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– South Park: The Stick of Truth Review

  • Graphics
  • Sound
  • Playability
  • Entertainment
  • Replay Value


After numerous delays and two years of thorough development, Obsidian’s newest foray into the RPG space has finally arrived in the form of South Park: The Stick of Truth. Perhaps best known for Star Wars: Knights of the Old Republic II and Fallout: New Vegas, Obsidian is no newcomer to RPGs. Thanks to their talents and the writing prowess of showrunners Trey Parker and Matt Stone, we are presented with a surprisingly deep and thoroughly entertaining RPG.


It’s Like Playing a Great 14 Hour South Park Episode

Thought of by many as one of the funniest cartoons on TV, South Park is known for being both equally hilarious and offensive. Trey and Matt certainly aren’t afraid to push the boundaries of political correctness. That being said, The Stick of Truth is no exception. In fact, it’s far raunchier than any episode that the show has put out to date, resulting in entire continents censoring certain parts of the game. Though the level of shock humor is definitely upped, at no point did I feel like it was forced. Every bit of extreme humor felt very South Park.


The stories in South Park have always taken a backseat to the comedy itself. The same can be seen in The Stick of Truth. The story is definitely less of a focus here than in other games within this genre but The Stick of Truth doesn’t lose any of its value because of it. The story is lighthearted, zany, and will take you to enough interesting places to keep you interested throughout.

The art style of the South Park TV show is a bit primitive to say the least; episodes need only days to finish. That isn’t to say it is a bad looking show, though. The simple and easy to digest art fits the humor and is translated perfectly into The Stick of Truth. If someone were to pass by as you were playing, it would not be unreasonable for them to assume you are watching just another episode of the show. That being said, the visuals ran almost without a hitch on the Xbox 360 version, apart from some framerate issues. Even less so on the PC version of the game. The PlayStation 3 version, however, featured much more frequent dips in framerate and audio cuts. Overall, however, the charming and simplistic art style of South Park translates perfectly into The Stick of Truth.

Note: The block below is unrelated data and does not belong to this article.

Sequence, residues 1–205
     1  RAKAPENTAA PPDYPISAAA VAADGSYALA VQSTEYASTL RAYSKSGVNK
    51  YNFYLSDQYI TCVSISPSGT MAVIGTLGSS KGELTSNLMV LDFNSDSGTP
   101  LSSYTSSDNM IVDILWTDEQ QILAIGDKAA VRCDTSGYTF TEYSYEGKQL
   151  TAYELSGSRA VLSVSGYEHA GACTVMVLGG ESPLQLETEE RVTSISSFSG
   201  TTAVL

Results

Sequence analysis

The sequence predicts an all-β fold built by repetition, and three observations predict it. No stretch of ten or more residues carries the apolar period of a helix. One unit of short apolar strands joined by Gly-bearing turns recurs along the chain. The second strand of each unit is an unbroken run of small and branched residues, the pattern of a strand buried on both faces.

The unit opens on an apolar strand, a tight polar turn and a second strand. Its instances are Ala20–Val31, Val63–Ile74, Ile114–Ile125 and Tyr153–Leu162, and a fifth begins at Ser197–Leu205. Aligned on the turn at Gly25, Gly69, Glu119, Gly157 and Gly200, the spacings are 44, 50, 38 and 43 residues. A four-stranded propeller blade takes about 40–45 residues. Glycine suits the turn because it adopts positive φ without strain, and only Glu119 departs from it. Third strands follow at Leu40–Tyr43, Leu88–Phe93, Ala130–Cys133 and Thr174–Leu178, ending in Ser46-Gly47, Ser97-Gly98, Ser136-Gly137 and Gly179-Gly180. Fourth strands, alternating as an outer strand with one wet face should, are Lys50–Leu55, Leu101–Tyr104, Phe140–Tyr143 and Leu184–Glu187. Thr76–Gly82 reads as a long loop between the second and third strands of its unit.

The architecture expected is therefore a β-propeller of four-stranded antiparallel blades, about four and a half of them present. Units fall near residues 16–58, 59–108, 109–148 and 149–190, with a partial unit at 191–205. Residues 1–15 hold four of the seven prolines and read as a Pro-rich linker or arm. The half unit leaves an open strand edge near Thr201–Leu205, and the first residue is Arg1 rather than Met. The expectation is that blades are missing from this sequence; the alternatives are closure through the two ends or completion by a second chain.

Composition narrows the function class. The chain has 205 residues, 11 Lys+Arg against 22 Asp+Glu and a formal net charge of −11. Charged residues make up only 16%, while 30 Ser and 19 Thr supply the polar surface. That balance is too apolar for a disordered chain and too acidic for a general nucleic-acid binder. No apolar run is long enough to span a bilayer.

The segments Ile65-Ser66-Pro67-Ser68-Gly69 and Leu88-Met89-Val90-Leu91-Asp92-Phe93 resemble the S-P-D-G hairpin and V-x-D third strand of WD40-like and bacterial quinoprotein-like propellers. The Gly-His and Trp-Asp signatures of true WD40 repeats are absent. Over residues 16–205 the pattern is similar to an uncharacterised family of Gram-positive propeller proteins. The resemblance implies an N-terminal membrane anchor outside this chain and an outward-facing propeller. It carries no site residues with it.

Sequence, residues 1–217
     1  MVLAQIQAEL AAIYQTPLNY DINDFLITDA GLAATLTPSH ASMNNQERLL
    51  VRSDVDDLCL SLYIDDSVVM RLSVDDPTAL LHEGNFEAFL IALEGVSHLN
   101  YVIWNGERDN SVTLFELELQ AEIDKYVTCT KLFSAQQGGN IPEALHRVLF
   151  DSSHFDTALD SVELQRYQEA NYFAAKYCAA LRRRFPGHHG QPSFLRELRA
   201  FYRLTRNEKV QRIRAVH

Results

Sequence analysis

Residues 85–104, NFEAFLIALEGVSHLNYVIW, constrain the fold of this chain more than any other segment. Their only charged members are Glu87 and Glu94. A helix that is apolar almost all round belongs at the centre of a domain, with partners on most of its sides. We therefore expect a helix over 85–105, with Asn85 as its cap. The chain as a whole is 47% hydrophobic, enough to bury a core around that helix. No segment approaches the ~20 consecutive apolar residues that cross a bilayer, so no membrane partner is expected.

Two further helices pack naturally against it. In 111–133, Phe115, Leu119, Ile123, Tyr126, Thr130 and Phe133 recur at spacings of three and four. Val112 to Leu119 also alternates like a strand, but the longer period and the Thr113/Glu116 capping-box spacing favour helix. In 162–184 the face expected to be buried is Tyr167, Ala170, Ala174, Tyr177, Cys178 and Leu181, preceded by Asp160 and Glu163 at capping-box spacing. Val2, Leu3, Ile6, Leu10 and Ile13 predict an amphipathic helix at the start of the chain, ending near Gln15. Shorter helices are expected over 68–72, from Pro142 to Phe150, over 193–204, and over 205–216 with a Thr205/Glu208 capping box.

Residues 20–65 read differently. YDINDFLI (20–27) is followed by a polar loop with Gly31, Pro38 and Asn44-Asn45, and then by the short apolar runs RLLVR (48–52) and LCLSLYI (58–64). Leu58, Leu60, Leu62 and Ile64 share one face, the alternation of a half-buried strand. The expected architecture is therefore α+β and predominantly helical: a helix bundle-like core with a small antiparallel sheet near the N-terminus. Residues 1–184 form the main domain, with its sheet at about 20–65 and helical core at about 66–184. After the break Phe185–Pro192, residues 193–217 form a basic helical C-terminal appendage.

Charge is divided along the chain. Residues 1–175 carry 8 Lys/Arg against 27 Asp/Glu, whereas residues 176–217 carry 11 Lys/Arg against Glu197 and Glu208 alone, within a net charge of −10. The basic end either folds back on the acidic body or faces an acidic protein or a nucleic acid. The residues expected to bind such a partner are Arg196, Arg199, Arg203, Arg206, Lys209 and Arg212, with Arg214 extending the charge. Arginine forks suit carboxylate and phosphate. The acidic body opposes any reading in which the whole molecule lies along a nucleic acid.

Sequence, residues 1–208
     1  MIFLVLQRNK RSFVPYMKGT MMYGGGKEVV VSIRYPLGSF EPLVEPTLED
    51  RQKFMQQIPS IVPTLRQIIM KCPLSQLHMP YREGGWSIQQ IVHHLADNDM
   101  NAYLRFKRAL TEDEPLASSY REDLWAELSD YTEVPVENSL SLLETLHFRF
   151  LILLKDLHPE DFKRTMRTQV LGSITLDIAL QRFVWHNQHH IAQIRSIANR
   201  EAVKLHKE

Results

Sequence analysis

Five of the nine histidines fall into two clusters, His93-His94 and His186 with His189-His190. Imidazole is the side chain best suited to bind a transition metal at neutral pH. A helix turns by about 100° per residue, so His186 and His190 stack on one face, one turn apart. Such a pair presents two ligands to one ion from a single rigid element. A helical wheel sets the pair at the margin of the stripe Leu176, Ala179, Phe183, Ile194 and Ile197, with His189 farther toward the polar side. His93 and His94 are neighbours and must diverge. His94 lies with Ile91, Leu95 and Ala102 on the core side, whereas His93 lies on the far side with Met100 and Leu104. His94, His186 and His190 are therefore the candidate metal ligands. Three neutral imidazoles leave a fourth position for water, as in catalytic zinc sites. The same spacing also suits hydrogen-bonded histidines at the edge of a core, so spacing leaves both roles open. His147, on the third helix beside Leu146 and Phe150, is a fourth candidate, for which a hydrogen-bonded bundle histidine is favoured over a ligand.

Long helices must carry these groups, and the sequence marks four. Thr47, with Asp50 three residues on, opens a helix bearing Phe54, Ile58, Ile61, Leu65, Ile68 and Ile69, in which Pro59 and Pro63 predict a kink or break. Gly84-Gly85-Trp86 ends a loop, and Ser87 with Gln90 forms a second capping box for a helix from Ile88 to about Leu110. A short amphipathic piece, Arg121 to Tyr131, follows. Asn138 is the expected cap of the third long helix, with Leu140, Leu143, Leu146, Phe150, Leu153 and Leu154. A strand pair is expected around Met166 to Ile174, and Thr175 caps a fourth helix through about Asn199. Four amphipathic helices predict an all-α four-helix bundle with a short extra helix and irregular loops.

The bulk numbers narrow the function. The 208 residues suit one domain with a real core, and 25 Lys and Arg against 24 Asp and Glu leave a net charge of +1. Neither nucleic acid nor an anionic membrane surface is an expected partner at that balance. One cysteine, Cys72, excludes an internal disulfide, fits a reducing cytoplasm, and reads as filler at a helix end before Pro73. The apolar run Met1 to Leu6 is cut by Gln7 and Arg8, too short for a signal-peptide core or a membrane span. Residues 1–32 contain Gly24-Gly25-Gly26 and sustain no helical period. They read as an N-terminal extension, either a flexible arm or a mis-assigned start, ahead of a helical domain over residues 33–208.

RPG Elements

Though just as funny, The Stick of Truth would be nothing without its core gameplay mechanics. They aren’t anything we haven’t seen before by any means, but they all work perfectly and are well-balanced. Each of the four classes provide unique abilities and combat styles. The combat is more or less identical to past Paper Mario games and isn’t difficult to pick up. As you progress, more abilities become unlocked.

During the turn-based combat sequences, you are given a companion to help fight your foes. The six companions offer different ways to fight. If you get stuck on one boss battle, utilizing a different companion’s abilities may very well be the way to go. The variety of ways to approach your battles keep the fight sequences entertaining throughout.

As with any RPG, you level up by gaining experience and you can use experience points to unlock new abilities. Talking to folks around town and doing side quests earn you Facebook friends. The more friends you have, the more perks you are able to unlock: anything from doing more damage or having more health. I was pleasantly surprised by how fun the combat was and how deep the upgrade systems were.

south park


Poor Implementation of Mana and Status Effects

Early on you are given mana abilities, portrayed through farts. These can be used in any number of ways within the environment, such as distracting potential enemies or breaking down a wall, but they are poorly explained and utilized in combat. At the end of each fight, your PP and health regenerate entirely but you are forced to use potions in battle to recharge your mana abilities. Not only are the mana abilities not necessary to win any fights, you will find yourself questioning the need to waste an item turn to recharge an ability you will never use.

In addition, many items and abilities can cause status effects. While often humorous, they are never fully explained and can easily be missed in the short tutorial sequences. While not game breaking by any means, I did find myself getting confused by what some of them did.


South Park: The Stick of Truth is an immensely entertaining ride into the lives of your favorite South Park characters. This will certainly go down in history as one of the most accurate presentations of a TV show within the video game space. Fun combat and an entertaining and hilariously written story make this a must-play for any South Park fan.


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